When I looked to write a piece about the 1984 Olympic Road Race where Davis was the favorite, I interviewed both Davis and fellow American Alexi Grewal, who ended up winning the Gold that day. It’s rare when you interview two athletes about the same race and end up with both athletes remembering the details and the way the race played out exactly the same way. That’s what happened here. With the Olympic Men’s Road Race happening the other day with Davis’ son Taylor racing in it, my thoughts turned to Davis, Alexi and that classic race. In 2008, I wrote ‘The Holy Grail.’ I hope you enjoy it. -Bob Babbitt
The Holy Grail
By Bob Babbitt
You can tell it still hurts. When you ask Davis Phinney to think back to July 29, 1984, America’s winningest cyclist of all time, the guy they nicknamed The Cash Register because of his amazing array of sprint finish wins, the color washes out of his face and he just goes blank.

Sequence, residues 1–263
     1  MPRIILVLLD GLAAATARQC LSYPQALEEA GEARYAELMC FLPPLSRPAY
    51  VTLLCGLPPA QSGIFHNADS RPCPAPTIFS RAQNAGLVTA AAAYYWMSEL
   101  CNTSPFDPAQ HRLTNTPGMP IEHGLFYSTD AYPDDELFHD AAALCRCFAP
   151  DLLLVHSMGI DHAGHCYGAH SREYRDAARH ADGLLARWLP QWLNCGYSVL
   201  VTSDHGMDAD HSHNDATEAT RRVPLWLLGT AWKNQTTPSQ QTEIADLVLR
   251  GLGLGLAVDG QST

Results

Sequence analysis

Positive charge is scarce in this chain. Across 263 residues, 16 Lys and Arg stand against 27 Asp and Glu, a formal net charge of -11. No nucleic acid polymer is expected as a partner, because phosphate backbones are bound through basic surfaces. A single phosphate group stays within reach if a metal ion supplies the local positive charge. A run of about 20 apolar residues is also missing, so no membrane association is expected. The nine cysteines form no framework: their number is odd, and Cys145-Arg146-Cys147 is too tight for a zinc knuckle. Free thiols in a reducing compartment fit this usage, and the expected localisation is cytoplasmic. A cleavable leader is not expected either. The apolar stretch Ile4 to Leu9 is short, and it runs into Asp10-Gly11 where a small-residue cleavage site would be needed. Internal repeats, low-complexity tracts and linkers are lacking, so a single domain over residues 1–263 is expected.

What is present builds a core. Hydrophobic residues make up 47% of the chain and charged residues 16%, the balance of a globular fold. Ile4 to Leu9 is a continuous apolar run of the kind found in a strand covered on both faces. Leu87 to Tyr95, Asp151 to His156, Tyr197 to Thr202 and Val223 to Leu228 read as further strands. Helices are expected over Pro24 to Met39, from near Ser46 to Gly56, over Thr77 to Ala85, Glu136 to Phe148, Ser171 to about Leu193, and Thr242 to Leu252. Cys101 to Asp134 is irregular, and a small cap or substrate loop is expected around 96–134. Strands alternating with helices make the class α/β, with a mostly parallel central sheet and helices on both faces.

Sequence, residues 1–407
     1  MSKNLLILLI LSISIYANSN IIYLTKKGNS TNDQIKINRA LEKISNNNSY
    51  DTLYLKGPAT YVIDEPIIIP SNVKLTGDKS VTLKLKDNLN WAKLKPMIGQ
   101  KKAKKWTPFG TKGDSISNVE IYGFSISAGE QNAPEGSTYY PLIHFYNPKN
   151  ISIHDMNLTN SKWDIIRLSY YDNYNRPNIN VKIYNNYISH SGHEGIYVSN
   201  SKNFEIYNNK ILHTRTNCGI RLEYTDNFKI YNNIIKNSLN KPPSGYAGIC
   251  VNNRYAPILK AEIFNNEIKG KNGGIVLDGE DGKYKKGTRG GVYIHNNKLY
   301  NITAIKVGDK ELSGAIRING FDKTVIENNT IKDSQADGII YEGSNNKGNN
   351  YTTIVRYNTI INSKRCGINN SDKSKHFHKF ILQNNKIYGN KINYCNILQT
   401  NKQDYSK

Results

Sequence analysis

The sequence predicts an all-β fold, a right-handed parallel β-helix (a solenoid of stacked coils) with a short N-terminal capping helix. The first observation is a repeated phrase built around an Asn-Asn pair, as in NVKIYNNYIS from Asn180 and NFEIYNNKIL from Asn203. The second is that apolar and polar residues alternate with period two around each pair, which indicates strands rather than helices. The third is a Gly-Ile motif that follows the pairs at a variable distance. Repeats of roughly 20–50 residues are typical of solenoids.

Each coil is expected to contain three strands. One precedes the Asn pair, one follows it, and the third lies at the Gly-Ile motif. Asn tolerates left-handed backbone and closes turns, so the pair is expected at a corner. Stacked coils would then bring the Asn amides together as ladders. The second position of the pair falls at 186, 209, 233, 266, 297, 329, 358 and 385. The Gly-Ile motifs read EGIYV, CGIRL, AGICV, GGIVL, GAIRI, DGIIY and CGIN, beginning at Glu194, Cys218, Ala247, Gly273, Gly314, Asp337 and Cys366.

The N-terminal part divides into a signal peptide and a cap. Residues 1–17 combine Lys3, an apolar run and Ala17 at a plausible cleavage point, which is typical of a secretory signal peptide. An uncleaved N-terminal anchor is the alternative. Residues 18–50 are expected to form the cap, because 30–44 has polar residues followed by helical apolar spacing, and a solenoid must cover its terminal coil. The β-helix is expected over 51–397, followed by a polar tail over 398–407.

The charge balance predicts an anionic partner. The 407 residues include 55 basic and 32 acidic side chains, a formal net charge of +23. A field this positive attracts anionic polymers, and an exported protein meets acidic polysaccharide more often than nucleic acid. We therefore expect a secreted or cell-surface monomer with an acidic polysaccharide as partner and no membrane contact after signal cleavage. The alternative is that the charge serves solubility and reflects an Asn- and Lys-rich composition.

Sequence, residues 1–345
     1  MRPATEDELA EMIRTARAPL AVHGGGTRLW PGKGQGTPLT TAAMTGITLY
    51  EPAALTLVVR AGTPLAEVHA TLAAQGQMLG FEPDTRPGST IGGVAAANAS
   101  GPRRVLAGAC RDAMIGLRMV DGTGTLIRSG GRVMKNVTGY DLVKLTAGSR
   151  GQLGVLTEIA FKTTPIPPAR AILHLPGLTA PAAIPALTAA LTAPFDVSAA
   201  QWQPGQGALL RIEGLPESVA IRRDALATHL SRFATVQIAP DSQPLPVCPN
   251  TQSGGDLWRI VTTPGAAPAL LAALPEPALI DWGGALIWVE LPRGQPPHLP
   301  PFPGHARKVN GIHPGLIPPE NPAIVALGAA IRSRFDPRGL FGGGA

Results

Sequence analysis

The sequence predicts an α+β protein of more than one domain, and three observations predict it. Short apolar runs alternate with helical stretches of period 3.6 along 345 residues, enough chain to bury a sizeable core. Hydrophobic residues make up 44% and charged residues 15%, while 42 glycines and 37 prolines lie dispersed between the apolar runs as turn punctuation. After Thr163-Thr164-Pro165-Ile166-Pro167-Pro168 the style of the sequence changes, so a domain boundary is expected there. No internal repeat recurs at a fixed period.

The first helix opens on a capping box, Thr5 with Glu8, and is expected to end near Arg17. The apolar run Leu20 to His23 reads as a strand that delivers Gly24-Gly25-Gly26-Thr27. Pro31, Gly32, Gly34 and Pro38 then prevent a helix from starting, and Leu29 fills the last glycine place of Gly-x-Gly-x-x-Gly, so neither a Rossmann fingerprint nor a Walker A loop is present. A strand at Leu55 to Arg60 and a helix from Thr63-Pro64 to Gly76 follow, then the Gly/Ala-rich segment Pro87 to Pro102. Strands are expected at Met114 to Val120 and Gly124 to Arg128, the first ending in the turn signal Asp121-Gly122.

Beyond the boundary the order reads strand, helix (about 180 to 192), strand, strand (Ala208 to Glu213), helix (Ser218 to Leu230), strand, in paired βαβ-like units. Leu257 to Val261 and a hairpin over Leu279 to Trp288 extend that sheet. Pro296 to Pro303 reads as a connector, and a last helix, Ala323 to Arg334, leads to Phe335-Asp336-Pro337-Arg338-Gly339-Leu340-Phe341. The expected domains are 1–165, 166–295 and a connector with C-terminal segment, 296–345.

To understand the day, to understand why that memory is still so raw, it’s important to know a little bit about Davis Phinney and his adversary, Alexi Grewal. As Phinney himself will tell you, once he got a taste of winning, he was ravenous. Winning wasn’t just something he did after a lead out from his buddy and long time teammate Ron Kiefel pretty much every weekend of the year. It was who he was. He was a winner and anything less was unacceptable. He was one of the first cyclists to train year round to refine his craft. On race day, while the rest of the guys were getting settled waiting for the criterium in South Dakota or Colorado or Montana to get going, he was busy cruising the course in the opposite direction. When he got to the point where he came up close and personal to the entire frothing-at-the-mouth peloton, he simply spun his bike around and backed into the front row. His message was simple: